For those looking for textbooks for high school with special needs or English Language Learners, we finally found something that is now working extremely well.  Pearson Publishers has a series called AGS Globe.  Two companies who focused on the special needs market merged (Globe Fearon and AGS) and were then bought out by Pearson.  After a total bomb with textbooks from another company, Walch Publishers and their "Power Basics" texts, we found this new publisher and it is perfect for our needs.  It presents all the common core material for high school biology, but at a lower reading level.  For Matthew's needs, it also has more multiple choice and fill in the blank questions versus requiring lengthy written essay type answers.  Matthew really, really disliked working 100% on his own for much of his curriculum last year, and with this textbook, Kenny and Angela can join him.  Even though we have to go through the material at a much slower pace than some might, Matthew is much happier having learning companions and he told me he didn't mind the slower pace to allow Kenny and Angela to ask questions and go over vocabulary.  I was growing discouraged trying to meet the needs of all three of them, thinking I'd never find something that would work well, but this is proving to be a very effective tool for us.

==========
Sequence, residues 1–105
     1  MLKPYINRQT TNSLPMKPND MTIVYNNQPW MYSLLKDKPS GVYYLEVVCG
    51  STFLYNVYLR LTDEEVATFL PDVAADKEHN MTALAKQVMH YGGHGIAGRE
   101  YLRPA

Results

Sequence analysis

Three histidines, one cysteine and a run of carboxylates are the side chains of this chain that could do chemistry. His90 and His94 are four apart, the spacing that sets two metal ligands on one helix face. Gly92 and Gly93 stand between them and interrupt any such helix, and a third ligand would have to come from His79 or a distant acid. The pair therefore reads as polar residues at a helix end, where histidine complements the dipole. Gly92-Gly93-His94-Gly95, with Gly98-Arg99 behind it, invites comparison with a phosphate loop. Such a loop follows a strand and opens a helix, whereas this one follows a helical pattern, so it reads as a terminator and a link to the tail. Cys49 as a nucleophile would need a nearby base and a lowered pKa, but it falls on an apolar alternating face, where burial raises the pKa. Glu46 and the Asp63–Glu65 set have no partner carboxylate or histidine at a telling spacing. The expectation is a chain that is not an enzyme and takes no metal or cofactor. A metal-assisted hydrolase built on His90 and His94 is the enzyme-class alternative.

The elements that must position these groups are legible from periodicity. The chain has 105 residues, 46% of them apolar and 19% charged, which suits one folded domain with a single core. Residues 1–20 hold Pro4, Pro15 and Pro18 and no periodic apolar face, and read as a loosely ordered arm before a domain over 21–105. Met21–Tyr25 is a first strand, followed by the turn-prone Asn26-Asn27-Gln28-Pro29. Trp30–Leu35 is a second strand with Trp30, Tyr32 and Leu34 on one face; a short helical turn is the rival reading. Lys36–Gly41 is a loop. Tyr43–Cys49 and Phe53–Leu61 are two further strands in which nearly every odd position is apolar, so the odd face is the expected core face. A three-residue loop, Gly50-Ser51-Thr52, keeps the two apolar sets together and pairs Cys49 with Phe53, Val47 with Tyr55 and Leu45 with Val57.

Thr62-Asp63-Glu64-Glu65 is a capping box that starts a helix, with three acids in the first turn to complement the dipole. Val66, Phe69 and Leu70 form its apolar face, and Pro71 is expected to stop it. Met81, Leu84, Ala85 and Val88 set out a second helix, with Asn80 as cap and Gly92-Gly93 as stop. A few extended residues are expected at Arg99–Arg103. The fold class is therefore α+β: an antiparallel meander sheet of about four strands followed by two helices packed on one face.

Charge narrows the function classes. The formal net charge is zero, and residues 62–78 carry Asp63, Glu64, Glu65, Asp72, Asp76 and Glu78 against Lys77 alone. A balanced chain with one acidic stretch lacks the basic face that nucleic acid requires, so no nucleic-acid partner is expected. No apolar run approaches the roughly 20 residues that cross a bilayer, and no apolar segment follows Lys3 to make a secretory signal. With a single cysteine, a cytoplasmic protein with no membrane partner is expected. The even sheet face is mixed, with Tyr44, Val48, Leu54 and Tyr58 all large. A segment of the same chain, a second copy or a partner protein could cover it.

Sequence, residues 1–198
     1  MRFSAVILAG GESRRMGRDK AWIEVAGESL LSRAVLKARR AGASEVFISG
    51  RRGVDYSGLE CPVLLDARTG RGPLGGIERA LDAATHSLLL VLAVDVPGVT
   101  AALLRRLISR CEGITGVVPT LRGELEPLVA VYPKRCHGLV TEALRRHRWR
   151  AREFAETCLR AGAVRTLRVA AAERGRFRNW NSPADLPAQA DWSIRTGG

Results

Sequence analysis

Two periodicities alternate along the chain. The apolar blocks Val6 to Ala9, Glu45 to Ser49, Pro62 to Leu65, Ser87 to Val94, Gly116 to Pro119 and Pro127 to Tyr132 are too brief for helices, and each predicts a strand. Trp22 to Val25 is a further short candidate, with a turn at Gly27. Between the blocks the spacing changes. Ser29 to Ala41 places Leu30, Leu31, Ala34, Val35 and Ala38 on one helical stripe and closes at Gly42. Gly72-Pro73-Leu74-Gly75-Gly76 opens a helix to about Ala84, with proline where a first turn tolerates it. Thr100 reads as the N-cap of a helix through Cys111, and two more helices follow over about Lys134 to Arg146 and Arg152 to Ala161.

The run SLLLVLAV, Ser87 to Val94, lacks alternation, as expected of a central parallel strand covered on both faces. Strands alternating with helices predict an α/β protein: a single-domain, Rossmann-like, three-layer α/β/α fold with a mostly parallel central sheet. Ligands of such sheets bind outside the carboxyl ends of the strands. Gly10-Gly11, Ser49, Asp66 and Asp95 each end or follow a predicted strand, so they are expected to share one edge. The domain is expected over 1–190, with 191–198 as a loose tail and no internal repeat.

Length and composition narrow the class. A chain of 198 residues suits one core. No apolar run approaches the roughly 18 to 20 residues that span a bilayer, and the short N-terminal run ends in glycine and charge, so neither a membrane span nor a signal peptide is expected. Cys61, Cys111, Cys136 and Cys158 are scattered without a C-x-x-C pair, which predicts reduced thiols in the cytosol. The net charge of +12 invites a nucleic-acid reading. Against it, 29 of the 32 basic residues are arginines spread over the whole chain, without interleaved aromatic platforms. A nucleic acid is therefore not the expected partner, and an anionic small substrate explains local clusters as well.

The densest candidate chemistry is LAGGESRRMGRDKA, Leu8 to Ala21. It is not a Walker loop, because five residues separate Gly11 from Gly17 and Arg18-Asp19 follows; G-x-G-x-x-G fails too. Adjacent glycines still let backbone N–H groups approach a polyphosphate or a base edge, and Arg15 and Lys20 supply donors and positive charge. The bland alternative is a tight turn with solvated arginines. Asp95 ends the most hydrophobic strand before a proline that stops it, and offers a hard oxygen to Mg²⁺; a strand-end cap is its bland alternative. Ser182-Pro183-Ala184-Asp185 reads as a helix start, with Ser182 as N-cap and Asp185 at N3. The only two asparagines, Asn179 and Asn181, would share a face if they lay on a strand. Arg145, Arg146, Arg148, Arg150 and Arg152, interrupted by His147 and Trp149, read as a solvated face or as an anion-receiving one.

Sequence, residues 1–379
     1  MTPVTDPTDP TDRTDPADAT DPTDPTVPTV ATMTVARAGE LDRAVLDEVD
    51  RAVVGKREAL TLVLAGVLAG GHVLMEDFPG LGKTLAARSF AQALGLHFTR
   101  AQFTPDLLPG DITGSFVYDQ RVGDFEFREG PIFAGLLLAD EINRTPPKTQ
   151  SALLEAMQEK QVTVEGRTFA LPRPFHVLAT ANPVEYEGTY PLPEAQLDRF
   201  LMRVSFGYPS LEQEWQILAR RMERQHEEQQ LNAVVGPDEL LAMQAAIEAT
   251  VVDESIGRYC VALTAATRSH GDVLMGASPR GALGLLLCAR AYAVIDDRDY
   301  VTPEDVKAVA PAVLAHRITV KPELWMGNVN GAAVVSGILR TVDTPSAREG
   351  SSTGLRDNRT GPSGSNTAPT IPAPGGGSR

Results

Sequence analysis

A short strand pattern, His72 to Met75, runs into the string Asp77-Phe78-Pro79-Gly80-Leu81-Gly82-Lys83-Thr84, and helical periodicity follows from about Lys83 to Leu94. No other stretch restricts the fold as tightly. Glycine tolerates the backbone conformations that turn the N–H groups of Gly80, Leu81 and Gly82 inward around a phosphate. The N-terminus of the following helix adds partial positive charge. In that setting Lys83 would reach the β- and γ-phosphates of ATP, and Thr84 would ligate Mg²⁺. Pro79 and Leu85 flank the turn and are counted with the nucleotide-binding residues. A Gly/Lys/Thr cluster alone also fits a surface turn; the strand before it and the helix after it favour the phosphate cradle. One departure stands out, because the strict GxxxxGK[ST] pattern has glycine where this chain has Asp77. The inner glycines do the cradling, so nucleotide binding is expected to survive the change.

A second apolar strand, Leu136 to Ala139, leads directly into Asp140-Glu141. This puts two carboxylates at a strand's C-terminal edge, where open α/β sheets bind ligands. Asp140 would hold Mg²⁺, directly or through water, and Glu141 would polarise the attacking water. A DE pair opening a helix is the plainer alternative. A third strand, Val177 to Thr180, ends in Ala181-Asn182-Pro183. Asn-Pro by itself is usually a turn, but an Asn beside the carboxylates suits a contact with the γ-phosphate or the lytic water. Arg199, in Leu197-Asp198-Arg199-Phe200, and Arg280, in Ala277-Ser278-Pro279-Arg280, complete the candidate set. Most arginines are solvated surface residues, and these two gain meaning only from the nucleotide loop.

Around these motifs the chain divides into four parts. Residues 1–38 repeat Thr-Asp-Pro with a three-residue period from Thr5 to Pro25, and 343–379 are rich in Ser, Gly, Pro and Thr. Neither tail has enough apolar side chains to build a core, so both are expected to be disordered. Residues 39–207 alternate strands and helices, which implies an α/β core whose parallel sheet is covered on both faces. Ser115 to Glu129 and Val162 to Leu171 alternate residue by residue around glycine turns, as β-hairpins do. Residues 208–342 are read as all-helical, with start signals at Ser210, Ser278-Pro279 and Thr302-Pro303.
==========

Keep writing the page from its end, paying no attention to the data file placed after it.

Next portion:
It is a real dilemma sometimes, trying to meet the needs of kids who are all the same age, but wide apart in skill levels in almost every topic.  I am finding that meeting in the middle is a good strategy, and while the reading level is certainly low in some texts for Matthew, we can meet him at the higher level in his English courses.  It is far better for him to be happy in joint learning where we can, than to ensure that the reading level is higher for ever subject.  While science and history are going to be at lower reading levels, he'll be using a combination of an 11th grade reading text along with a college reading anthology this year.  Once I finally let go of trying to have the curriculum be everything for every subject for every kid, and realized we could let go in some areas while stretching in others, it grew a little easier to find materials.  For history, we are going to throw in some Teaching Company college instruction level video lectures as well.  I am not yet sure if we'll be able to wade through that with all five kids, or just Matthew, but that too will ensure a higher level in history is met, just not through a written text.